Most gay teens feel unsafe in their schools, according to the recently released “2001 National School Climate Survey.” In the study, nearly 70 percent of lesbian, gay, bisexual, and transgender students—a demographic with a high rate of substance abuse, truancy, and suicide—say they feel threatened in their high schools. Eighty-three percent report verbal attacks, such as being called “dyke” or “faggot”; 42 percent have experienced physical harassment. However, the New York City-based Gay, Lesbian, and Straight Education Network, the organization that interviewed more than 900 students for the study, offers a glimmer of hope.
Students say their feelings of security and belonging increase with the presence of a supportive faculty, and a number of schools have mandated in-service tolerance training for teachers. What’s more, many students, gay and straight, have decided they’re not going to put up with intolerance either. In the past dozen years, more than 1,000 Gay-Straight Alliances, groups that work to create safe and welcoming schools for all students, regardless of sexual orientation, have popped up nationwide.
Following are a few particularly noteworthy examples of how faculty and students are combating anti-gay bias on their campuses.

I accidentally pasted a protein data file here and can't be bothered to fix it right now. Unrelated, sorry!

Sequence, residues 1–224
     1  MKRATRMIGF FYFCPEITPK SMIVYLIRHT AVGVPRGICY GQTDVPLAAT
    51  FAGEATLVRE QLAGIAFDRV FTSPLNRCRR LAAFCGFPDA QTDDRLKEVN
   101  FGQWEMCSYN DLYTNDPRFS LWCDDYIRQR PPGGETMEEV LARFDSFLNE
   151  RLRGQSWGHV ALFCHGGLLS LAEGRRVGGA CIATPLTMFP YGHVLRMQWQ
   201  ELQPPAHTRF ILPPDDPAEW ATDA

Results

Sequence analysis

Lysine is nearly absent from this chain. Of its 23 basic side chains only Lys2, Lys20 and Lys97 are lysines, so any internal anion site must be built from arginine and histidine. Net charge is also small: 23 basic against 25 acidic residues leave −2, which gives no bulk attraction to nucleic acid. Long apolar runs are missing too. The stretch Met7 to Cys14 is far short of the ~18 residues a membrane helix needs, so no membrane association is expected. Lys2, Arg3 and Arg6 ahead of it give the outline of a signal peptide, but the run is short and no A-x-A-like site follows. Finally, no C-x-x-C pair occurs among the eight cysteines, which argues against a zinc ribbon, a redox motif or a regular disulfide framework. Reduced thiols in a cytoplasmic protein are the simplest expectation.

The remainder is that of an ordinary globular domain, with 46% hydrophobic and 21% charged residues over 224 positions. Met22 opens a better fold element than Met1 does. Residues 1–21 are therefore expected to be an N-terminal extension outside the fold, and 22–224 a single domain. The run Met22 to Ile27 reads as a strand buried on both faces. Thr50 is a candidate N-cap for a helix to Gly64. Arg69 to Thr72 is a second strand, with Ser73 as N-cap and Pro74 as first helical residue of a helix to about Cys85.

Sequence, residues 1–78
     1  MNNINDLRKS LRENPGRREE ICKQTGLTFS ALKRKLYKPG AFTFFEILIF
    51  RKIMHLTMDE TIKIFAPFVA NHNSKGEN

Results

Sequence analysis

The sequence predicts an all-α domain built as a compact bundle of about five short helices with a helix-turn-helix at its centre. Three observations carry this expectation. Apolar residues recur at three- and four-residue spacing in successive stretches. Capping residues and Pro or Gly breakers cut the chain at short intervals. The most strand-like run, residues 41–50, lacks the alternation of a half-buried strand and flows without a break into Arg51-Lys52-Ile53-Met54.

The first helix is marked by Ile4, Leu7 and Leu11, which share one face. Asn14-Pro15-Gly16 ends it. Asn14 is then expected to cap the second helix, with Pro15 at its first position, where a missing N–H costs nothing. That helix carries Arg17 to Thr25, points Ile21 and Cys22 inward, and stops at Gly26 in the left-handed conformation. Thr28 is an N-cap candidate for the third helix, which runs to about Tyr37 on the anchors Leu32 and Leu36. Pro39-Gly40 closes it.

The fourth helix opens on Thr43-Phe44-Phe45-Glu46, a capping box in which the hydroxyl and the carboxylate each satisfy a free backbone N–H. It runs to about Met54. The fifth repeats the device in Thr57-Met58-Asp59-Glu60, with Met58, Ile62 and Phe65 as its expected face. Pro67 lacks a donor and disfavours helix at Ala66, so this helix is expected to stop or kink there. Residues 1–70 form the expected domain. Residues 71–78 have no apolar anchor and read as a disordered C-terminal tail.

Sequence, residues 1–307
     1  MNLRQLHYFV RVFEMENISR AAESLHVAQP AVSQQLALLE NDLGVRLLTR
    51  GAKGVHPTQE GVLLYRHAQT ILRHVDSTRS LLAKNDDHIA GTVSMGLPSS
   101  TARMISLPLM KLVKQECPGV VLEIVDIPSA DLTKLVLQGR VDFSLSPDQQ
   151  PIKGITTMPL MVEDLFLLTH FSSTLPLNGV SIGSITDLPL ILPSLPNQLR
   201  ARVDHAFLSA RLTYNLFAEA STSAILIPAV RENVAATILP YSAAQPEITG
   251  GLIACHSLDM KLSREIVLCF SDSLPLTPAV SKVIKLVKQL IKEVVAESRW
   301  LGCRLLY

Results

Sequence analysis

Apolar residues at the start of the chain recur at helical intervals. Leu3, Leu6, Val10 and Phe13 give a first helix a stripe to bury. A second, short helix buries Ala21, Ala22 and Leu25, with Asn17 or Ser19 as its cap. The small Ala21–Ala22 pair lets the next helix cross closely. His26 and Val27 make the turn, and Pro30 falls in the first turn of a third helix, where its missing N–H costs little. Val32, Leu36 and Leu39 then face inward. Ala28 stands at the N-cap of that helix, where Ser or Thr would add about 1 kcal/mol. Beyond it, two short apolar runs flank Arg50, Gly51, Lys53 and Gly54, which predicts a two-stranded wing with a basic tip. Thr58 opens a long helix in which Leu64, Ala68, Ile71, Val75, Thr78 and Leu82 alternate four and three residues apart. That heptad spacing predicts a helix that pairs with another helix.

Where: Wayland High School, Wayland, Massachusetts.
What: Using grant money provided by the Massachusetts Department of Education, guidance counselor Virginia Buckley brought a traveling art show—“Love Makes a Family: Lesbian, Gay, Bisexual, and Transgender People and Their Families”—to Wayland High School last spring. The exhibit includes 40 photos and interviews about sexuality and growing up in a gay family. The school hosted an open house and a reception, inviting members of the community to its media-center-turned-art- gallery.
Why: Wayland High’s been home to a GSA for more than a decade, and each year the group plans one big event, including tolerance training for sports captains. Last year’s art show was a “school-community effort.”
Impact: Buckley, who lauds the exhibit as “very inspiring,” says it brought a taboo topic out into the open. “Typically gay and lesbian families are not very public, but this is all a part of our town.”
SAY IT WITH CANDLES
Where: New York State Capitol, Albany, New York.
What: Last August, Nick Lanni and Graham Murphy, then students at Guilderland High School, organized about 50 students and adults for a two-hour candlelight vigil in front of the capitol to show their support for a school-related pro- tolerance bill.
Why: The New York State Legislature is negotiating the Dignity for All Students bill, which would require school districts to provide harassment-free learning environments and set guidelines for nondiscriminatory instruction and counseling, among other provisions. Argues Assemblyman Steve Sanders, a sponsor of the bill, “Acting out to make others uncomfortable, or to intimidate, whether manifested as a racist remark, an anti-gay slur, or any other bigoted reference, is simply unacceptable, and every school district must have a strong policy to address this.”
Impact: Sheila Healy of the Empire State Pride Agenda Foundation says legislators have been delighted by the level of student interest in the bill, including their lobbying efforts. She adds, “Every single action is important.”
READ THEIR LIPS
Where: Boulder High School, Boulder, Colorado.